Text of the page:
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Dataplot Vol 1 Auxiliary Chapter

PEARSON CONTINGENCY COEFICIENT

Name:
    PEARSON CONTINGENCY COEFICIENT (LET)
Type:
    Let Subcommand
Purpose:
    Compute Pearson's contingency coefficient for an RxC contingency table.
Description:
    If we have N observations with two variables where each observation can be classified into one of R mutually exclusive categories for variable one and one of C mutually exclusive categories for variable two, then a cross-tabulation of the data results in a two-way contingency table (also referred to as an RxC contingency table). The resulting contingency table has R rows and C columns.

    A common question with regards to a two-way contingency table is whether we have independence. By independence, we mean that the row and column variables are unassociated (i.e., knowing the value of the row variable will not help us predict the value of column variable and likewise knowing the value of the column variable will not help us predict the value of the row variable).

    A more technical definition for independence is that

      P(row i, column j) = P(row i)*P(column j)       for all i,j

    The standard test statistic for determing independence is the chi-square test statistic:

      T = SUM[i=1 to r][j=1 to c][(O(ij) - E(ij)**2/E(ij)]

    One criticism of this statistic is that it does not give a meaningful description of the degree of dependence (or strength of association). That is, it is useful for determining whether there is dependence. However, since the strength of that association also depends on the degrees of freedom as well as the value of the test statistic, it is not easy to interpert the strength of association.

    The Pearson's contingency coefficient is one method to provide an easier to interpret measure of strength of association. Specifically, it is:

      Pearson's Coefficient = SQRT(T/(N+T))

    where

      T = the chi-square test statistic given above
      N = the total sample size

    So this statistic basically scales the chi-square statistic to a value between 0 (no association) and 1 (maximum association). It has the desirable property of scale invariance. That is, if the sample size increases, the value of Pearson's contingency coefficient does not change as long as values in the table change the same relative to each other.

    The data for the contingency table can be specified in either of the following two ways:

    1. raw data

      In this case, you will have two variables. The first will contain r distinct values and the second will contain c distinct values. Dataplot will automatically perform the cross-tabulation to obtain the counts for each cell. Although the distinct values will typically be integers, this is not strictly required.

    2. table data

      If you only have the resulting contingency table (i.e., the counts for each cell), then you can use the READ MATRIX (or CREATE MATRIX) command to create a matrix with the data. This is demonstrated in the example program below.

      In this case, your data should contain non-negative integers since they represent the counts for each cell.

Syntax 1:
    LET <par> = PEARSON CONTINGENCY COEFICIENT <y1> <y2>
                            <SUBSET/EXCEPT/FOR qualification>
    where <y1> is the first response variable;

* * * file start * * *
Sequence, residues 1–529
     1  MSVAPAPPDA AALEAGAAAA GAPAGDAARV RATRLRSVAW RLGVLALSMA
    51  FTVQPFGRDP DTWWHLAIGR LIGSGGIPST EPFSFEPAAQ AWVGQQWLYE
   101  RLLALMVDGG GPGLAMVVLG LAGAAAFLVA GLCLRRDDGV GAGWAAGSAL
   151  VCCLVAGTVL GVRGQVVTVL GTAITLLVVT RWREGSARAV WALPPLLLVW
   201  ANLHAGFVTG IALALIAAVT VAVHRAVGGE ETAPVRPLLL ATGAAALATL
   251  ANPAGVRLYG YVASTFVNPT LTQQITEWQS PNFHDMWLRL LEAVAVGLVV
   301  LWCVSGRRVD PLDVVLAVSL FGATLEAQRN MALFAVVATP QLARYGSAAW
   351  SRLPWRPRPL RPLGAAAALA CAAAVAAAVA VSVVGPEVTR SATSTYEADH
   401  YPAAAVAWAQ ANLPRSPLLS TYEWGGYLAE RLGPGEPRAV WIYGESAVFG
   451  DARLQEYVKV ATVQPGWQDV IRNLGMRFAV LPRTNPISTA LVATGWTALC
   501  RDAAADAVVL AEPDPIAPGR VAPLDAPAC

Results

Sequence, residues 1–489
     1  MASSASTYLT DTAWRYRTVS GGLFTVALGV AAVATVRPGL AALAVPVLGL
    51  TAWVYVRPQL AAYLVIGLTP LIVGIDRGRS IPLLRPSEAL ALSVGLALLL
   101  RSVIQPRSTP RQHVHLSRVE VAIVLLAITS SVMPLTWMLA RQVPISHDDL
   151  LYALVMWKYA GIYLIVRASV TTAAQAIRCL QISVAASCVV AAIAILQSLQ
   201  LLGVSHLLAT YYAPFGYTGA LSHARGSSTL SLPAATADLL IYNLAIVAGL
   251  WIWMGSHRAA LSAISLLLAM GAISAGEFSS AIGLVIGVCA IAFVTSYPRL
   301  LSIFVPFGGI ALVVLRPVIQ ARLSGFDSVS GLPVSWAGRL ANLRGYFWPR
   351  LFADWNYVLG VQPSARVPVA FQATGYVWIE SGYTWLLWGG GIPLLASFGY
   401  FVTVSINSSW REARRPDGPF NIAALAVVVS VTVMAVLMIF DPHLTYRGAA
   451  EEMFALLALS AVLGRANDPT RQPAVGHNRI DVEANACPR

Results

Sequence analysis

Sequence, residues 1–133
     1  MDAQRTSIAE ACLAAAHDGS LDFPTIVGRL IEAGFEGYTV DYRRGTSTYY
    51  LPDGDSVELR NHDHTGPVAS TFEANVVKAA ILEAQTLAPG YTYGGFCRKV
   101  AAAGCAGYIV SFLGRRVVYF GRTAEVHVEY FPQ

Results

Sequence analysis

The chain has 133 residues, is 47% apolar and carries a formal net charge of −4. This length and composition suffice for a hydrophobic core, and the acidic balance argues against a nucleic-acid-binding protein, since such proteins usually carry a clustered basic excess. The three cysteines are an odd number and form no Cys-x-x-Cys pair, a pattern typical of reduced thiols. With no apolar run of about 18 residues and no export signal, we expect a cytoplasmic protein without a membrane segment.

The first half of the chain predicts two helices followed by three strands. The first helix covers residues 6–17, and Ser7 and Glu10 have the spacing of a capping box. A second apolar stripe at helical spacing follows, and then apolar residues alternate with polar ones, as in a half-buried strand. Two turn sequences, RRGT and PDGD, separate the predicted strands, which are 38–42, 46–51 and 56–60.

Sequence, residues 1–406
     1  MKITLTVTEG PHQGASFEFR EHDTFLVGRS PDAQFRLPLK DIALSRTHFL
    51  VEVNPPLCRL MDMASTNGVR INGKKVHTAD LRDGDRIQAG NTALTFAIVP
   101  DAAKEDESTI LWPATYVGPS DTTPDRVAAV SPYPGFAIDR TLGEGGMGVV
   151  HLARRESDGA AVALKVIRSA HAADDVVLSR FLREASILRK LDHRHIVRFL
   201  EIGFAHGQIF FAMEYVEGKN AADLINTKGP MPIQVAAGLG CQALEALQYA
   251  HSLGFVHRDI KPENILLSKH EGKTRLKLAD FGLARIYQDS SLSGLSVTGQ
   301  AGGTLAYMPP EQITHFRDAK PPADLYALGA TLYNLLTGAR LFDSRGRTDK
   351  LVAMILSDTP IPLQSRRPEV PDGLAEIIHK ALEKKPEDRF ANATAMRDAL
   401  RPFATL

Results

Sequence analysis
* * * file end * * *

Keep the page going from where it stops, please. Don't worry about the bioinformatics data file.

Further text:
<y2> is the second response variable;
                <par> is a parameter where the computed Pearson contingency coefficient is stored;
    and where the <SUBSET/EXCEPT/FOR qualification> is optional.

    Use this syntax for raw data.

Syntax 2:
    LET <p> = MATRIX GRAND PEARSON CONTINGENCY COEFICIENT
                            <y1> <y2>             <SUBSET/EXCEPT/FOR qualification>
    where <m> is a matrix containing the contingency table;
                <p> is a parameter where the computed Pearson contingency coefficient is stored;
    and where the <SUBSET/EXCEPT/FOR qualification> is optional.

    Use this syntax if your data is a contingency table.

Examples:
    LET A = PEARSON CONTINGENCY COEFICIENT Y1 Y2
    LET A = MATRIX GRAND PEARSON CONTINGENCY COEFICIENT M
Note:
    The Cramer contingency coefficient is more commonly used than the Pearson contingency coefficient.
Note:
    The following additional commands are supported

      TABULATE PEARSON CONTINGENCY COEFICIENT Y1 Y2 X
      CROSS TABULATE PEARSON CONTINGENCY COEFICIENT ...
                  Y1 Y2 X1 X2

      PEARSON CONTINGENCY COEFICIENT PLOT Y1 Y2 X
      CROSS TABULATE PEARSON CONTINGENCY COEFICIENT PLOT ...
                  Y1 Y2 X1 X2

      BOOTSTRAP PEARSON CONTINGENCY COEFICIENT PLOT Y1 Y2
      JACKNIFE PEARSON CONTINGENCY COEFICIENT PLOT Y1 Y2

    The above commands expect the variables to have the same number of observations.

    Note that the above commands are only available if you have raw data.

Default:
    None
Synonyms:
    None
Related Commands: Reference:
    Conover (1999), "Practical Nonparametric Statistics", Third Edition, Wiley, pp. 229-230.

    Friendly (2000), "Visualizing Categorical Data", SAS Institute Inc., p. 61.

Applications:
    Categorical Data Analysis
Implementation Date:
    2007/5
Program:
     
    . Sample data from page 61 of Friendly
    read matrix m
     5  29 14 16
    15  54 14 10
    20  84 17 94
    68 119 26 7
    end of data
    .
    let a = matrix pearson contingency coefficient m
        
    The resulting Pearson's contingency coefficient is 0.435.

Date created: 7/24/2007
Last updated: 7/24/2007
Please email comments on this WWW page to alan.heckert@nist.gov.